“No, No, No”
From: Crazy Nights (1987)
“No, No, No” was another really fun thing. Eric [Carr] obviously loved double bass drum and Alex Van Halen. As I said earlier, I was [almost like] a student of Eddie Van Halen, trying to emulate and use techniques I learned from him to be creative. Eric and I worked on the intro and brought it to Gene. It was Gene who started with the idea of “No, no, no, no.” In many ways, it was a bit of a tip of the hat to a Van Halen thing, with Gene as the singer and lyricist. I don’t think Paul really loved it, but we used to do it a lot. You know, he’d prance around on stage playing it. It didn’t turn out to be a bad song and we used it live.
I used to do a guitar solo on and then I’d come out and start “No, No, No” and we’d go into it after Eric’s drum thing with me. It was an important song. The very, very intro, wasn’t done for the demo. I think that might have been [Ron] Nevison saying, “Why don’t you just step out there, Bruce, and play. Just go for it.” I can see myself in the studio with my yellow banana guitar. That ESP always really had a wonderful, screaming tone. I was just flashing off some riffs and then of course, Eric joins me at the very end with a little bit of drums and then we kick right into this big double bass drum song. It’s a cool song. I wouldn’t be surprised if other people cover it eventually.
From: Hot in the Shade (1989)
That song was a long journey. Eric [Carr] wrote it in a few different ways. It wasn’t called “Little Caesar” at first. It started out as a demo called “Ain’t That Peculiar.” It was actually slower. I have all of the demos. He and I would flesh out a lot of stuff, because we had that great relationship from working on his Rockheads, you know the cartoon idea. We wrote other songs [at that time as well].
To get it on the Kiss album, it took [some work]. It was like, “It’s going to have to really fit the Kiss thing.” At first, it was more slinky and too [much like] Aerosmith and a little too mid-tempo. Then, he got involved with [songwriter] Adam Mitchell and Gene. We picked up the tempo and got better lyrics, writing a song that could [be related to] a nickname for him. It was like, “Hey, Little Caesar.” I do think, considering that it didn’t have a big stamp of Gene and Paul, it really fit well with the Kiss thing. I was so happy for Eric to have his own song on a record.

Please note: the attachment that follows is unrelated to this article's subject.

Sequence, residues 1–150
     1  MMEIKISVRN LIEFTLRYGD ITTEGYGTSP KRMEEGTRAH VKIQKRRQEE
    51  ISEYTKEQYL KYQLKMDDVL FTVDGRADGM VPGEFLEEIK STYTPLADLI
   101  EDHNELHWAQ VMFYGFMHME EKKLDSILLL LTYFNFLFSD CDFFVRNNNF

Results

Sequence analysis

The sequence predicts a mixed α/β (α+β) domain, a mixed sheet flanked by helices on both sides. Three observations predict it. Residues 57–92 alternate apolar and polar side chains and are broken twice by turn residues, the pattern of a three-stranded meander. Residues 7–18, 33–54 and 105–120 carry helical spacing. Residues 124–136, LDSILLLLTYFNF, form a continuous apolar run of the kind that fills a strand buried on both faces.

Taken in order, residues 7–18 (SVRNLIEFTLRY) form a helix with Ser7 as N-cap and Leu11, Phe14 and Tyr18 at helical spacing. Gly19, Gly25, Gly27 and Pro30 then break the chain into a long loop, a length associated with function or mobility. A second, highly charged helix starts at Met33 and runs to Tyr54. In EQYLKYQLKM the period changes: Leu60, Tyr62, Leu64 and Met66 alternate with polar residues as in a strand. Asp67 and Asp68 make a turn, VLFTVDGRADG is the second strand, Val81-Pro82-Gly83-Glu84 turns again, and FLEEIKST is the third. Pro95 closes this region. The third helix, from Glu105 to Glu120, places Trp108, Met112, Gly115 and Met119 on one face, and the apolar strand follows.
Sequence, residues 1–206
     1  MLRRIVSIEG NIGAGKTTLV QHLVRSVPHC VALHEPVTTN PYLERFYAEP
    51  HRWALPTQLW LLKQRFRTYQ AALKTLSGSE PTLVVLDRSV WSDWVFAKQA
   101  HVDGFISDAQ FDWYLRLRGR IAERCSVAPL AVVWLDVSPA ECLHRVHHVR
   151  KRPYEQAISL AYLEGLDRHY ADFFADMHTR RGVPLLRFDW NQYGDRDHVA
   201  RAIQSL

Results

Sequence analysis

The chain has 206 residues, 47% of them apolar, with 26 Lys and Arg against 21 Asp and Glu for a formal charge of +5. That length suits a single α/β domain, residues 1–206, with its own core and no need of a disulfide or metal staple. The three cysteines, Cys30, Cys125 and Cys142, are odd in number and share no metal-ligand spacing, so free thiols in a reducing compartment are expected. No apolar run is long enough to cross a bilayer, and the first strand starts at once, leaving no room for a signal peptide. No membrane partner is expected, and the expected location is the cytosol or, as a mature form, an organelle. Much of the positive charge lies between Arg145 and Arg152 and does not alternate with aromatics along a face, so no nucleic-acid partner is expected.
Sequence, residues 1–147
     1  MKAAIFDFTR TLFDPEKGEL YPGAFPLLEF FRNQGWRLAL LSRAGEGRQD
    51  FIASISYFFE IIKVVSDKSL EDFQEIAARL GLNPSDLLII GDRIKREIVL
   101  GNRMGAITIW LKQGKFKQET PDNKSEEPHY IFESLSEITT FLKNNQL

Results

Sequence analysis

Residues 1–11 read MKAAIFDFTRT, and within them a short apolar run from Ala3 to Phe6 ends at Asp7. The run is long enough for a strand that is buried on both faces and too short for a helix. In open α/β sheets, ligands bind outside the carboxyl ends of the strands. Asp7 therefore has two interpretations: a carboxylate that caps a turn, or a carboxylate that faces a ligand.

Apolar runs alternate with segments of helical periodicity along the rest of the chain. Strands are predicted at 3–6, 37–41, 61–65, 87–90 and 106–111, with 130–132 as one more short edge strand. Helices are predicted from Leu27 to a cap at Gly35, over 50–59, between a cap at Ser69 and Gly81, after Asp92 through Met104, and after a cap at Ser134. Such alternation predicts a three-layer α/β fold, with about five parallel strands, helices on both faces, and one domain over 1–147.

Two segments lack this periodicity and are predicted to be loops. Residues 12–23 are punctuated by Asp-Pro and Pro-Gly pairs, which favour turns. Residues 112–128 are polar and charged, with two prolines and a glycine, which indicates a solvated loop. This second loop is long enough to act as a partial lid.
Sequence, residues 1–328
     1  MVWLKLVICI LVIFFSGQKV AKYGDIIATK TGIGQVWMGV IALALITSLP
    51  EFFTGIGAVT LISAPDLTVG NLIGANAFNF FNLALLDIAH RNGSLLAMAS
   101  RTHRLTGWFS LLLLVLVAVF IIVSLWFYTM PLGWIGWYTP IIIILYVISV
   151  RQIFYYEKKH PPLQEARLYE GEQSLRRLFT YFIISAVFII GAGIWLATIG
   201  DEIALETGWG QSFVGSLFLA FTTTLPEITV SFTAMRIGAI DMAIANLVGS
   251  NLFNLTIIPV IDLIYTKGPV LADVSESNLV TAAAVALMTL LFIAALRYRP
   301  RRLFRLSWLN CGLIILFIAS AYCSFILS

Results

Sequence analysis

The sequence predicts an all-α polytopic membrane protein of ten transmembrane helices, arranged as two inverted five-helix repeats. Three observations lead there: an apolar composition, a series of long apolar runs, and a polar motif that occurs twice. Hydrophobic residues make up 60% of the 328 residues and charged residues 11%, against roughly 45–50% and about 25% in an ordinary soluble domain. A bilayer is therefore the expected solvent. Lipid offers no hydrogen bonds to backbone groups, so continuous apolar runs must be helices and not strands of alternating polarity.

From: Revenge (1992)
I was very grateful for “Tough Love.” I had this riff, the verse riff, that starts off the song. I presented that to Paul and Bob Ezrin, who I really enjoyed working with. They liked it and we started working on it. It was a lot of fun. I was always aware of the incredible songs and records that Ezrin was able to produce with Kiss. So for me to actually sit in a room and co-write a song, coming initially from a riff that I created, was quite a thrill. I was really proud of that.
But the only funny thing about the song — I think it was that one — we might have had to keep moving around the key, playing the riff in a different way. I could be confusing that with “Heart of Chrome,” but if it was “Tough Love,” obviously, Ezrin could always rely on me to transpose and figure out how to make it work. Because you know, if the vocalist can’t be comfortable with the arrangement that you make, you don’t have a song. It’s not going to be done. I do know that “Tough Love,” to me, that and “Heart of Chrome,” had a symmetry to it, so I’m just really proud of the fact [that I was involved with that]. It was the third track on the record and that always felt great too.